Artist: Talib Kweli
Label: Mic Club
Rating: 9 / 10
Talib Kweli is one of those special artists who come along very rarely. 2000’s stunning €œTrain of Thought € album was the end result of his collaboration with DJ Hi-Tek under the moniker Reflection Eternal. And his work with Mos Def produced one of hip-hop €™s most recently stunning albums, €œBlack Star €. Add to these critically acclaimed works Kweli €™s contributions to respected projects like the “Lyricist Lounge” and Rawkus’ “Soundbombing” series and it is not difficult to understand quite why there are such high expectations for this Brooklyn-born artist.
So the furore over Kweli €™s debut €œQuality €, released in early November 2002, is natural. For the project Kweli recruited a high-class guest list to help him succeed the hype, and surprisingly ditched Hi-Tek as his main producer instead opting for donations from producers like DJ Scratch, Kanye West, DJ Quik and Ayatollah. Can he deliver, though?
In short, yes. Talib Kweli represents much of what can possibly be good about hip-hop in a year where there has been much pessimism about the state of rap. He balances intelligent, worldly subject matter with brilliant emceeing skills: never staying restricted to one lyrical theme. In the past, Kweli has always had real problems deciding whether he wants to primarily be a conscious artist or a battle rapper. Luckily, with €œQuality €, he seems to have settled for both. ‘The Proud’ is the lyrical crescendo of the album. On this sombre, Ayatollah-produced track, Kweli deals intelligently with the whole myriad of issues that enveloped the world after the events of September the 11th, and he angrily (but still intelligently) makes the link that the horrific events that day can €™t hide years of oppression and maltreatment. Like any strong emcee, he can condense important points into a couple of lines with some impressive wordplay:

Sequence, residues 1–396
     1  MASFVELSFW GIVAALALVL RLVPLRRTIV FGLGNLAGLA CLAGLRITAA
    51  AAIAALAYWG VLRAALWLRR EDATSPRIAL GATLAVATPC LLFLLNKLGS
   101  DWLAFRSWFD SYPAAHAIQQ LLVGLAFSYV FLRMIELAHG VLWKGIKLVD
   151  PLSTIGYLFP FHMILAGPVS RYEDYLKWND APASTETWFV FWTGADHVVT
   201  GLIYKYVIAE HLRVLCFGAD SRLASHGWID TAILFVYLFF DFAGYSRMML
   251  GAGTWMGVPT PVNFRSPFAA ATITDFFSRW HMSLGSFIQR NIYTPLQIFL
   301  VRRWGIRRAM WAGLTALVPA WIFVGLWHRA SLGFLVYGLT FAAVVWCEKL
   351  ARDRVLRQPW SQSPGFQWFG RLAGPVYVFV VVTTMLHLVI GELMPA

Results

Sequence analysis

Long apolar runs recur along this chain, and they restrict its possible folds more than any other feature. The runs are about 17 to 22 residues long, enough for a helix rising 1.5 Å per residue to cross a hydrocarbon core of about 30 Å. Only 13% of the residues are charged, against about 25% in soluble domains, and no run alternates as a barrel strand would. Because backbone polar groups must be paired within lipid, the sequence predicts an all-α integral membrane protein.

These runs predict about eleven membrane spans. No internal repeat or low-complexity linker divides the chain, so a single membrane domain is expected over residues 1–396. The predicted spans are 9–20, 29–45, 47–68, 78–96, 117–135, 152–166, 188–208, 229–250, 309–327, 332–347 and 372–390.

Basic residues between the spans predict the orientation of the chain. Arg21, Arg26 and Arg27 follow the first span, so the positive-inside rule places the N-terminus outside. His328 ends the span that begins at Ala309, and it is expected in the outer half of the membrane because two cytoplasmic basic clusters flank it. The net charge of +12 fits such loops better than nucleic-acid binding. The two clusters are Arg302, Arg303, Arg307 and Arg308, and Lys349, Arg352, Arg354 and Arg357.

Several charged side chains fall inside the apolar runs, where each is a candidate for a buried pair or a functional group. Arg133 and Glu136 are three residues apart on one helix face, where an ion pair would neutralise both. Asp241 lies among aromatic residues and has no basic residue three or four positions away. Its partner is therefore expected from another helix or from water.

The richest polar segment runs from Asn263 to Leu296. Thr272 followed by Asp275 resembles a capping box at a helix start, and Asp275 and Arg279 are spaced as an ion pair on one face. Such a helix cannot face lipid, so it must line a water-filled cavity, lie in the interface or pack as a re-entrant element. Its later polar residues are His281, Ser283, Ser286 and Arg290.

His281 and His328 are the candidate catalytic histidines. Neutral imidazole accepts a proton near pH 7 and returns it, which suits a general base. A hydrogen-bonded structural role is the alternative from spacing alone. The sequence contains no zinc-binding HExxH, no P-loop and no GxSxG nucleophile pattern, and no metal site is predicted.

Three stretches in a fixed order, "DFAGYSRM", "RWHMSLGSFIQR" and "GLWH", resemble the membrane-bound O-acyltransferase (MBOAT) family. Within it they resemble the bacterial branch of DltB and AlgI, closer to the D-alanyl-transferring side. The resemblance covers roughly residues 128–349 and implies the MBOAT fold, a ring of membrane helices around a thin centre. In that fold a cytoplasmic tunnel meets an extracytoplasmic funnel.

€œNiggaz with knowledge is more dangerous than niggaz with guns
They make the guns easy to get and try to keep niggaz dumb. €
While none of Kweli €™s lyrics elsewhere on €œQuality € reach the same Mount Everest heights of focus as found here, he still maintains a consistently impressive worldliness and articulates this in a manner that separates him from the average tight emcee, throughout this LP. ‘Get By’ deals with people struggling to €˜get by €™ in life, over Roc-a-Fella beat-slinger Kanye West €™s twinkling piano melodies. ‘Joy’ again has wonderful Ayatollah production supporting it, with dramatic soulful female accompaniment lifted from Aretha Franklin €™s ‘I Get High’ and a truly €˜joyous €™ string sample driving things. Mos Def then jumps in on the chorus as Kweli skilfully narrates his happiness at becoming a father, only beef with this is that it would have been nice to hear verse from Mos.